Maytree blog

How to change the public conversation: Think like a reporter

Published on 25/01/2017

To change the way an audience talks and thinks about an issue, you need to be in the media consistently. But you can’t do that with opinion pieces alone. No matter how smart you are, you can only have so many opinion pieces published – and that limits your potential for impact.

Rob Steiner, Director of the Fellowship in Global Journalism program at the University of Toronto, makes the case for why we should pay more attention to expert reporting – instead of relying on op-eds – if we want to change the public conversation on issues that we care about.

Putting new, relevant information in front of an audience is the best way to shape the public agenda. For this, we need to focus on reporting, on stories that change how people see and understand the world around them, rather than advocating for our own agenda or solely seeking coverage of our own activities.

Editors are curators of interesting stories

The average mainstream newsroom receives hundreds of story leads a day, and it’s up to editors to make decisions about what is interesting and important to their audience. Increasingly, budget cuts mean that editors have fewer experienced reporters – those that cover the most in-depth stories – to rely on.

At the same time, the appetite for niche news and deeper content is growing.

According to Rob:

In response to this tension, news organizations are giving over more of their space to experts in different fields. They are training experts to not just describe their opinion but to report news stories in their field – this is a whole other discipline.

Editors are becoming curators of interesting content that comes to them from many different sources, rather than taskmasters who assign specific stories to their own staff. They are looking for and listening to professionals, academics and others with advanced knowledge in their fields to help them shape their coverage of the issues.

This is an opportunity.

Shaping coverage of your issue

In his Five Good Ideas session, Rob offered tips about how non-profits can benefit from the media revolution. Here are a few more of Rob’s ideas on how to get your issues in the news:

  • Understand how the agenda on your particular issue gets set and who is setting it. This means knowing which media the influencers in your field read, watch or hear – and which journalists in those media cover your field.
  • Identify important stories that those media haven’t yet reported.
  • Call up journalists and offer them this new kind of story. This is slightly different from traditional public relations. You are not calling to promote your own organization or your own service — you’re calling about an issue.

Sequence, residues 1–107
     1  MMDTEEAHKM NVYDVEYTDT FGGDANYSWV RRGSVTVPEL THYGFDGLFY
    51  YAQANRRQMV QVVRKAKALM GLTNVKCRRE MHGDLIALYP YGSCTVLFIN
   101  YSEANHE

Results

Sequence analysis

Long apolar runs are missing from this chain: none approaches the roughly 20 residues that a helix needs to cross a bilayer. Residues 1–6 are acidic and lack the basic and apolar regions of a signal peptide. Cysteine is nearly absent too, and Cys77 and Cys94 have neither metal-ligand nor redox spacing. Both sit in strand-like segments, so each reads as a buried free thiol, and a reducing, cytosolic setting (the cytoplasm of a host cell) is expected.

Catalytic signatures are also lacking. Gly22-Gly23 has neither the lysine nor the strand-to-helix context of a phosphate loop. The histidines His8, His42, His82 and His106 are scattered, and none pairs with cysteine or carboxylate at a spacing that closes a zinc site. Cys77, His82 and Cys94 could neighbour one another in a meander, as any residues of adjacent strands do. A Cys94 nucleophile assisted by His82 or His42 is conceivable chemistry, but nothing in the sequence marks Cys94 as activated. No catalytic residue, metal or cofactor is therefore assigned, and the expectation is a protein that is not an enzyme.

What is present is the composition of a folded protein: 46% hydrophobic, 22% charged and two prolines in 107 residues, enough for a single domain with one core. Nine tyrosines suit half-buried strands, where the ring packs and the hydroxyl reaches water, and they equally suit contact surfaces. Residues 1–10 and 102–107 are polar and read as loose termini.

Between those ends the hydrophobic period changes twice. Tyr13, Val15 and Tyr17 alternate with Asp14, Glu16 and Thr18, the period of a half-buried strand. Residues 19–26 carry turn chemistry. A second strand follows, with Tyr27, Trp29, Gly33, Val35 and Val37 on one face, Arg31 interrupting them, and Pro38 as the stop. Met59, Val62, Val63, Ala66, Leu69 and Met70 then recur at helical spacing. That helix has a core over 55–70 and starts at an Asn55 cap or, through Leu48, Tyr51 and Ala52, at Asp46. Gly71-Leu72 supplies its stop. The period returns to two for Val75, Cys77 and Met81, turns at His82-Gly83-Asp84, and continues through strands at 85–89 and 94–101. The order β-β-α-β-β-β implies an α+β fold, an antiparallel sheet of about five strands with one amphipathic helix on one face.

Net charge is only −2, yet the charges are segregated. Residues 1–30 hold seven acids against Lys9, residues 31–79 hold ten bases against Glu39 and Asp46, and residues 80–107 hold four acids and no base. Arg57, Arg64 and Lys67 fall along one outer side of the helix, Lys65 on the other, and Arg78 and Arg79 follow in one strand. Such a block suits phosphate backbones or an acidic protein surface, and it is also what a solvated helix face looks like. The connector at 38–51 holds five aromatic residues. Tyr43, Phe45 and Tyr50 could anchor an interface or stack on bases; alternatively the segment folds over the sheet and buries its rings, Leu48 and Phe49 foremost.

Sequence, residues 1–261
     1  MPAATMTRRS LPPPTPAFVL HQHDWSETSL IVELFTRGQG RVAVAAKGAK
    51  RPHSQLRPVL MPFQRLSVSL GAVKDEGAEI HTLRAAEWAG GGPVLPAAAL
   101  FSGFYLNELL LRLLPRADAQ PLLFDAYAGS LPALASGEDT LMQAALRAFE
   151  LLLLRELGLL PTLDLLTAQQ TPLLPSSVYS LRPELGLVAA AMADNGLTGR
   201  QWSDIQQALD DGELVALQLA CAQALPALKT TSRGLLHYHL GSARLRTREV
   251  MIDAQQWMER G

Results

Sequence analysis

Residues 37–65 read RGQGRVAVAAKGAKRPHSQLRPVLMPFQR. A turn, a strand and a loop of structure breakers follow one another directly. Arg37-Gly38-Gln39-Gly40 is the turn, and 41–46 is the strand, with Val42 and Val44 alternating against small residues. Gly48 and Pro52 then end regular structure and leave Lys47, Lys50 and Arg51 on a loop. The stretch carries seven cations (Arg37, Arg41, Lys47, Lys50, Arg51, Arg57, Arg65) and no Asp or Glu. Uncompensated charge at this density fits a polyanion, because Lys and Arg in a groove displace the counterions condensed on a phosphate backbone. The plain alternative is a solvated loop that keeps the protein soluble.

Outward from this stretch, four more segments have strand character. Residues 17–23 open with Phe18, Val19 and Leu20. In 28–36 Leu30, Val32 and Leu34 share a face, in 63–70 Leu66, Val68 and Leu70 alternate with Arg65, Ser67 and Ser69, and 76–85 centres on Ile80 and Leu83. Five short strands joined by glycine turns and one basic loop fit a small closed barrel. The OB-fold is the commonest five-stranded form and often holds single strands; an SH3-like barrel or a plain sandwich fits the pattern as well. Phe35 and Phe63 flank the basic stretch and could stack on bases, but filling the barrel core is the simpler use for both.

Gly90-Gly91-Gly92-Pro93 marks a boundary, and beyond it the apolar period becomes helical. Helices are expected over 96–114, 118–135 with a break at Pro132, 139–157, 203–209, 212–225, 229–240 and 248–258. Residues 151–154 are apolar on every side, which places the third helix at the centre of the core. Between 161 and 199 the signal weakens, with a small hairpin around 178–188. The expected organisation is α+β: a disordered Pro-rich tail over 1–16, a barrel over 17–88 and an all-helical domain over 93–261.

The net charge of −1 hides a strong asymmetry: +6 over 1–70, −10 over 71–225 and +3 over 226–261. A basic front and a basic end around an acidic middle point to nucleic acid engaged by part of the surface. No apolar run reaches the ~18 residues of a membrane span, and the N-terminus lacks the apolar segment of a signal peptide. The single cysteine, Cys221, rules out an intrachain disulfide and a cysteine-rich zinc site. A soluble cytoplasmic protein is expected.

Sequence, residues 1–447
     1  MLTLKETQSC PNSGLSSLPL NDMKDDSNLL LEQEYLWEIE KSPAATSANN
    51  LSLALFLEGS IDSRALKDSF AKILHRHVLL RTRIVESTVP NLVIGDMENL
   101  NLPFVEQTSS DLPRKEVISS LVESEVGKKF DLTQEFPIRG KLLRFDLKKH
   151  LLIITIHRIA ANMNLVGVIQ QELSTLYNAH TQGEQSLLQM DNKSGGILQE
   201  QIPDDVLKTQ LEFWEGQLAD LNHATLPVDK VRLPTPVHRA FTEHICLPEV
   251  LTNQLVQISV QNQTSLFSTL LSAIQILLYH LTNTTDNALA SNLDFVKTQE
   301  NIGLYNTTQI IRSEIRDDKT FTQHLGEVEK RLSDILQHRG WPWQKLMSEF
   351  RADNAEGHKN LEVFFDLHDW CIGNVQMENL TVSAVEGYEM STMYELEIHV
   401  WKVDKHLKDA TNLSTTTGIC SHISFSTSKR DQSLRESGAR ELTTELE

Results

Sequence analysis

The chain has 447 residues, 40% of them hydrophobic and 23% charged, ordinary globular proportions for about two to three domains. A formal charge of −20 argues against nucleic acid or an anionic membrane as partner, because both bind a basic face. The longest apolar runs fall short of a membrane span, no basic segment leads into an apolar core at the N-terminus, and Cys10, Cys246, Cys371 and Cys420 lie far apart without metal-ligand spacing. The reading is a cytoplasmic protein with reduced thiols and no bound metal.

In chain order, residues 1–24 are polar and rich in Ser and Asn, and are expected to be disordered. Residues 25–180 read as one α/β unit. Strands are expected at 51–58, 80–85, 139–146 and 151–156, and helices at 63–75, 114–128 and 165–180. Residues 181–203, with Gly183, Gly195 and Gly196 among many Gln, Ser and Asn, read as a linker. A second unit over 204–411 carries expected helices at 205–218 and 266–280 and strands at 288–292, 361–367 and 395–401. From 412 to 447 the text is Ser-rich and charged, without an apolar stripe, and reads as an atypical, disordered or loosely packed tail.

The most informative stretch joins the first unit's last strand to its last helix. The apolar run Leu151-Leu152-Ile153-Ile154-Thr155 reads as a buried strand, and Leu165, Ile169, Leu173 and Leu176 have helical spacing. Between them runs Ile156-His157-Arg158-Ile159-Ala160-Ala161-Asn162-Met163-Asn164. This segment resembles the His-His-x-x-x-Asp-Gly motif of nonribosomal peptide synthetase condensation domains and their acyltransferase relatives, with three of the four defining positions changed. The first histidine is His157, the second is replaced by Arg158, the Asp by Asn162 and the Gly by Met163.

• Give them something they can work with. Most journalists are skeptical of advocates. If you just call with advocacy, most journalists and editors will not fully believe what you’re saying – they need to hear other sides. Get a sense of the whole story and where your advocacy fits in with other legitimate opinions.

Crafting a competitive story idea

Rob offered a workshop in November 2016 where he talked more about how you can “give them something they can work with.” He outlined what you need to do to get your story idea to stand out among the hundreds of others that will cross an editor’s desk. Here are his five minimum criteria:

  • It’s important – not just interesting. It should have an element that is counterintuitive, surprising or weird, in other words, something that makes people think differently about the topic. This is the most important criteria.
  • It’s timely or urgent for the audience. Try to hook the idea to a lively, current public discussion.
  • It’s not yet well known by the audience. They might know about the topic, generally, but not about this specific view or angle of the issue.
  • It’s got tension. This could be a debate, conflict, or something that is changing. Keep in mind that in a debate, you are not advocating for a certain position. You are simply signalling to the editor that the debate is happening and is important for their audience to know about.
  • It’s got substance. For example, it has current data or examples – not just your opinion.

Of course, putting together a story idea that has all of these elements can be challenging, in part because we must step outside of our “bubble” to consider: What do others, reporters and people in the audience, know already about this topic, and what would be new to them? What do I know that they don’t, but should? Further, we must be willing to set aside our professional or organizational agenda and focus on stimulating smart public conversation. As Rob says, you have to trust that a smart conversation will lead to a smart result. For many of us, that can be hard to do.

Professional journalistic practices

The changing media environment presents a powerful opportunity to shape the Canadian discussion about complex issues such as poverty and human rights. As we seize this opportunity, we must learn and use professional journalistic practices.

The Fellowship in Global Journalism program at the University of Toronto is a ground-breaking program that teaches and mentors subject-matter experts to become journalists. It teaches you to cover your own specialty for top media around the world.

Maytree has created a scholarship for the program. It will support a professional or scholar in the Fellowship program to learn journalism skills that will deepen Canada’s discussion on poverty and human rights.

The Fellowship in Global Journalism is currently accepting applications for September 2017. The deadline to apply is March 1, 2017.

Further resources:

With files from Tina Edan and Markus Stadelmann-Elder.

Bonnie Mah is Lead, Strategic Narrative at Maytree.


Putting new, relevant information in front of an audience is the best way to shape the public agenda.